Besides costs reduction, DDS has many advantages, such as a better application of the labor law, proximity to local markets, government tax incentives, time zone overlaps (becoming possible to work 24 hours a day) which allow the implementation of round-the-clock working system. Round-the-clock working, on its turn, reduces the amount of time needed to place a product in the market (Hersleb et Moitra, 2001). According to Sakthivel (2007), many American companies ranked in the Fortune 500 list have been benefiting by developing their information systems in countries with cheap labor costs such as India and China.

Many investments have been drawn towards DDS due to economics advance, refinement of technology and pressure for lowering costs. The improvement of tools and methods used on software engineering will create a constant pressure to embrace globalized approaches on software creation. These may be presented as outsourcing formal contracts; begin through a partnership between partitions of different international organizations, or even be expressed by a small group of developers who work on a same project but reside in different cities (Kiel, 2003).

Without further questioning, both traditional software development and DDS present complications. However, distributed development adds some challenges to project managing, such as how to manage people who are geographically dispersed and in different time zones, not to mention language barriers and sociocultural differences. Herbsleb et Moitra (2001) state that the physical segregation of project members can reflect on several aspects of the project, such as deciding to do it in the distributed manner or not; the way tasks will be assigned based on available resources, infrastructure and technology expertise; issues regarding cultural values and principles between team members; issues related to process management, such as having a hard time synchronizing and the need of reaching the same milestones during the project; and finally, issues related to knowledge management; for instance, information sharing and storage.

Bubeck et al. (2012) proposed using DDS for the distributed development of robot platforms, helping in the process of integrating the system. Projects for the development of ten robots located in seven different places were successfully managed. The aspects related to code development were the project outlook.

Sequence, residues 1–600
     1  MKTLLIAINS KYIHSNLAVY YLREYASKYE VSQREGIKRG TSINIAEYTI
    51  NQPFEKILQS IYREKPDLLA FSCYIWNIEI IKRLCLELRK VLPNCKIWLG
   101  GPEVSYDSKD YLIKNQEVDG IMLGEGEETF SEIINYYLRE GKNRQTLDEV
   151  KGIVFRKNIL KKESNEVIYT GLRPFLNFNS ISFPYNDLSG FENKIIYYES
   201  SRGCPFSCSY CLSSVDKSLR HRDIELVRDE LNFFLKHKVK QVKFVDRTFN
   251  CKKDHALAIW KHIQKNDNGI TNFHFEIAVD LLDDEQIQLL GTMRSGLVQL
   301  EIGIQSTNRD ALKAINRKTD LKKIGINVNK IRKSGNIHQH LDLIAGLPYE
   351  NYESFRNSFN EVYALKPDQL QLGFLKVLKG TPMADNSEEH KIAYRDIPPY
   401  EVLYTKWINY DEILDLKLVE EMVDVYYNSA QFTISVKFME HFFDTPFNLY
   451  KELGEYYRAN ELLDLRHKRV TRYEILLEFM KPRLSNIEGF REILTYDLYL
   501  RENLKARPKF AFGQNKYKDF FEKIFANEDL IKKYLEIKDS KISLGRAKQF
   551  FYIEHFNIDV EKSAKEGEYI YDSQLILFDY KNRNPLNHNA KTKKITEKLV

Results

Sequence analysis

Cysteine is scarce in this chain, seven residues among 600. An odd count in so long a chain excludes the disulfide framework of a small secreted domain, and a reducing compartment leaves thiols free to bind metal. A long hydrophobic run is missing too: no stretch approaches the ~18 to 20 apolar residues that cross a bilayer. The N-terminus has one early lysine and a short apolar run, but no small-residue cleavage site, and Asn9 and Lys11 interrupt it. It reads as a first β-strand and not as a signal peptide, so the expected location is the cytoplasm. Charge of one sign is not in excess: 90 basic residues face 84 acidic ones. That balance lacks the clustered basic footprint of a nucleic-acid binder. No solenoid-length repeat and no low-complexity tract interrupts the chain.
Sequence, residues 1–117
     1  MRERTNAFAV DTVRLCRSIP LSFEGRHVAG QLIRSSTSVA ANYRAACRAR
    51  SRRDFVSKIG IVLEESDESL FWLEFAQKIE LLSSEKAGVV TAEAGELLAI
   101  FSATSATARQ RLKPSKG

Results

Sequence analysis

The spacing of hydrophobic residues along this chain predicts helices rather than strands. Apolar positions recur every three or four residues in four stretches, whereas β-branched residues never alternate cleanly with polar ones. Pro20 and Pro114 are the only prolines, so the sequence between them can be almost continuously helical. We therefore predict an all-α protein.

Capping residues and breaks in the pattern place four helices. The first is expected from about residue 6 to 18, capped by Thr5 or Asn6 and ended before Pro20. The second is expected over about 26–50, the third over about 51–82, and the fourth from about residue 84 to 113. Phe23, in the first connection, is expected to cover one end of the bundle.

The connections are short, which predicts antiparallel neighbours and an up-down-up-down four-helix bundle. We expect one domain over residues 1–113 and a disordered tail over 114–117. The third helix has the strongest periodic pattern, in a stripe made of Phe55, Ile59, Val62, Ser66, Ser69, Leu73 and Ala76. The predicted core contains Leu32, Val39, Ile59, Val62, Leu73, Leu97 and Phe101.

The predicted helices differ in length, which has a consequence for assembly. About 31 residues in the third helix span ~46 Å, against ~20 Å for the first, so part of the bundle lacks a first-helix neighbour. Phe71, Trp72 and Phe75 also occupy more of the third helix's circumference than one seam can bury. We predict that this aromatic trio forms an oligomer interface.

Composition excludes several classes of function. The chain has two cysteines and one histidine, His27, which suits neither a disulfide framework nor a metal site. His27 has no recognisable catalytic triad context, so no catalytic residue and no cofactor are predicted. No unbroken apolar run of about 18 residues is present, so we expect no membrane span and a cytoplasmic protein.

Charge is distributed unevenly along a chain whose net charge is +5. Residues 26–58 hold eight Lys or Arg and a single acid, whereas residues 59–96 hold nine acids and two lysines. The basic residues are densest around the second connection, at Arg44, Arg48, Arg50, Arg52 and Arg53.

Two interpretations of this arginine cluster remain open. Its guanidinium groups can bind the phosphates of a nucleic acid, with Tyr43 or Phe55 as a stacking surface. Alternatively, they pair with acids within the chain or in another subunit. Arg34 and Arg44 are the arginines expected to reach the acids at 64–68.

Estler et al. (2012) presented a case study regarding the impact structured and agile developing processes have on globally distributed software. Success, the extent of money saved, the amount of importance shown by clients, team motivation, amount of time spent real-time communicating and asynchronous necessary during projects execution were evaluated in the appraised researches. The authors debated aspects such as offshore versus nearshore, communication patterns and other critical subjects. Outcomes suggested that opting for agile or structured methods on DDS projects is not essential.

The study of Farias Junior et al. (2012) used an empirical approach to identify and present communication risks found on DDS projects. By interviewing project leaders and managers of numerous companies, it could be obtained ways to mitigate the risks. The authors declared companies lack efficiency and many don’t have a formal method of work defined, even though its managers are aware of the importance of risk management on DDS projects. It was also stated that when working with distributed workforce, if the software process is not well defined and the teams are not prepared for working under these conditions, the risk increases substantially.


Software development is creating something that has never been done before, even though the process may resemble some used on other projects (Kwak et Stoddard, 2004). As a result, a scenario of uncertainty is likely to emerge, possibly combined to risks.

Boehm (1991) investigated 600 companies, finding out that 35% of them have had at least one challenging project. Many of these challenges could have been avoided or abbreviated if identifying and solving high risks factors were a concern at that time. According to PMI (2008), proactive approaching the project uncertainties may prevent them to turn into threats.

One of the major factors that lead to deadline and costs overrun on software developing projects is the incorrect management of risks. The danger is even greater when these systems are developed by team members who speak different languages, are of different nationalities and are geographically and chronologically dispersed (different time zones) (Salthivel, 2007).